Alzheimer’s disease is a progressive neurodegenerative disease that affects millions of people worldwide. Beta-amyloid peptides are cleaved from the amyloid precursor protein (APP) and then undergo additional cleavage by alpha secretase to become a soluble 40 amino acid protein. However, when cleaved by beta-secretase rather than alpha secretase, a 42 amino acid species is produced known as beta-amyloid1-42 which spontaneous self aggregates into large insoluble plaques over time. The aggregation of beta-amyloid closely correlates with the promotion of neuroinflammatory signaling. Microglia, the brain's phagocytic immune cells, are responsible for the clearance of beta-amyloid in the brain as well as neuroinflammatory signaling. It has been observed that tumor necrosis factor alpha (TNF-α) is one of the earliest proinflammatory cytokines to be upregulated in contest to Alzheimer’s disease. Our major hypothesis stands that as beta-amyloid aggregates into larger plaque-like species, clearance of beta-amyloid decreases due to its size and altered peptide structure. TNF-α is believed to have a role in the phagocytosis of beta-amyloid. However, as aggregation occurs, it is unclear what effect TNF-α has on the promotion of clearance. We will test the role of TNF-α in human microglial cells. Therefore, we propose that TNF-α inhibits beta-amyloid phagocytosis when the proinflammatory cytokine TNF-α is upregulated, TNF-α expression is exacerbated as oligomerization increased and phagocytosis is further diminished.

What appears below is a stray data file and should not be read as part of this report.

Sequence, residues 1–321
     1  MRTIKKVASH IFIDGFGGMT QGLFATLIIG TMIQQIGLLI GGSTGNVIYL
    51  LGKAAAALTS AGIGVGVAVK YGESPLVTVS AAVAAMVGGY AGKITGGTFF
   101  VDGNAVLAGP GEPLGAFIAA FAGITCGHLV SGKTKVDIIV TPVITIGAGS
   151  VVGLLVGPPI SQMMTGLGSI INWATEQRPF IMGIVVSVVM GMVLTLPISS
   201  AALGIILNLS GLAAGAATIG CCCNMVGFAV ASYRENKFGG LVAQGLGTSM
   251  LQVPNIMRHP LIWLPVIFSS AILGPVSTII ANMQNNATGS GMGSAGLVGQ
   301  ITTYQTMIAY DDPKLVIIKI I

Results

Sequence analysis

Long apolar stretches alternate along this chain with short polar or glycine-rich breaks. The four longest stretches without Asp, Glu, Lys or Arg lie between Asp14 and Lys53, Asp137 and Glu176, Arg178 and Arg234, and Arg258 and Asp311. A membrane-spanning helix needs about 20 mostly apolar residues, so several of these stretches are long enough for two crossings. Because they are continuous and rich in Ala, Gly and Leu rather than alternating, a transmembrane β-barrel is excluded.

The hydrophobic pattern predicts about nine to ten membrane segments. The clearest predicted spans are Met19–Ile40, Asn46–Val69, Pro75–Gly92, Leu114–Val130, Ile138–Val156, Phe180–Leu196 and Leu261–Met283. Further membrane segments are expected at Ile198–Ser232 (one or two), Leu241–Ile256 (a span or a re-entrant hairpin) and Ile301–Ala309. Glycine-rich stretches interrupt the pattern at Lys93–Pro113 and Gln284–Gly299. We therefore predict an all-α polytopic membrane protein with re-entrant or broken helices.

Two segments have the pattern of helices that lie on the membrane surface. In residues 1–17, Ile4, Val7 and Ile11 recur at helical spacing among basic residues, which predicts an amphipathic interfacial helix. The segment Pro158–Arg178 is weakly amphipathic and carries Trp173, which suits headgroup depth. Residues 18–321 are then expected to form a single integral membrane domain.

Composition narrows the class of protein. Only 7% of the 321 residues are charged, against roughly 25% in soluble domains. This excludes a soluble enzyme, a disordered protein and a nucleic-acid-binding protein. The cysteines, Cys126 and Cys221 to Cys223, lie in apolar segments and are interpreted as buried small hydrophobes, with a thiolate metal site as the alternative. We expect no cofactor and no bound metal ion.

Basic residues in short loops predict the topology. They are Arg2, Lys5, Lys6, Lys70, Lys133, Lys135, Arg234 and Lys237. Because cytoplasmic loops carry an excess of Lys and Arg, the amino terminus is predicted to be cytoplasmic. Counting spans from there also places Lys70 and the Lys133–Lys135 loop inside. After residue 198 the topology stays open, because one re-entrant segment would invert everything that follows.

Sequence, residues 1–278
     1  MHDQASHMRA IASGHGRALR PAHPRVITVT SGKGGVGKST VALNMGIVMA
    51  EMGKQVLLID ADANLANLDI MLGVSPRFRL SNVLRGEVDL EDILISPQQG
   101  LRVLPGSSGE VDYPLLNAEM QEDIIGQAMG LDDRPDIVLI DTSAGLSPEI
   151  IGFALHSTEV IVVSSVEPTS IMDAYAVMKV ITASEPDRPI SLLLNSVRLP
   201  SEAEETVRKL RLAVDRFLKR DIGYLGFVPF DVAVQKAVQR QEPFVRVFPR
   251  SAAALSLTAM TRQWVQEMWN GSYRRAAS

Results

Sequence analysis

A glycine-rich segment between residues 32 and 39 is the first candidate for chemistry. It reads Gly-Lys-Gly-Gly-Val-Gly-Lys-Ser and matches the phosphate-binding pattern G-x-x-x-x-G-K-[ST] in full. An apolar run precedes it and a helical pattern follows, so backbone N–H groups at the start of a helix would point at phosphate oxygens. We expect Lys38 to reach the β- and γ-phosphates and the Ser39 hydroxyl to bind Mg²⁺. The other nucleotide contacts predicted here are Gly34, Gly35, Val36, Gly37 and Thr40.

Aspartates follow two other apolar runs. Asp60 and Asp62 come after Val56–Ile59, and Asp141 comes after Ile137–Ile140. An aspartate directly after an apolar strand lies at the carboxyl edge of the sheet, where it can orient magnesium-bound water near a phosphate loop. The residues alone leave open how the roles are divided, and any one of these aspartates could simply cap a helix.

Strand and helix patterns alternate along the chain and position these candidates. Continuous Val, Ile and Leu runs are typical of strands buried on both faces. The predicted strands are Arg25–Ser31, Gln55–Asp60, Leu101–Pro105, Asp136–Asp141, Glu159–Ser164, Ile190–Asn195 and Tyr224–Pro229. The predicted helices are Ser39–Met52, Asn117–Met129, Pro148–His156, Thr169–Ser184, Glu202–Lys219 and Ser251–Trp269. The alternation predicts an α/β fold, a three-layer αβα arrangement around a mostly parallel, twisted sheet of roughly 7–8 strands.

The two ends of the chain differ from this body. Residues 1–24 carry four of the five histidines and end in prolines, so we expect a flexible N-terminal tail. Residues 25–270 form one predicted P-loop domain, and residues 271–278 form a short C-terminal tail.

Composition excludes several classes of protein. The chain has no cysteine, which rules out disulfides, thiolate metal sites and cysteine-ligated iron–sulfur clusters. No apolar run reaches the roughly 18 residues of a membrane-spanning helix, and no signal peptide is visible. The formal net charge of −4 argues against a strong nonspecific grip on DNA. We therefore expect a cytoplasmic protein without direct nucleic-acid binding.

Alzheimer’s disease is a progressive neurodegenerative disease that affects millions of people worldwide. After beta-amyloid peptides are cleaved from their precursor protein, they can form soluble monomers that readily aggregate into larger protein species. This aggregation leads to large insoluble plaques which are neurotoxic and seemingly unable to be cleared by microglia, the brain’s immune cells. Beta-amyloid aggregates interact with microglia which upregulate pro-inflammatory cytokine signaling. One of the earliest cytokines is tumor necrosis factor alpha (TNF-α). TNF-α has been shown to modify phagocytosis and promote the signaling of upstream pro-inflammatory cytokines, which is critical to regain brain homeostasis. Therefore, we propose that TNF-α inhibits beta-amyloid phagocytosis when the proinflammatory cytokine TNF-α is upregulated, TNF-α expression exacerbated as oligomerization increased and phagocytosis is further diminished.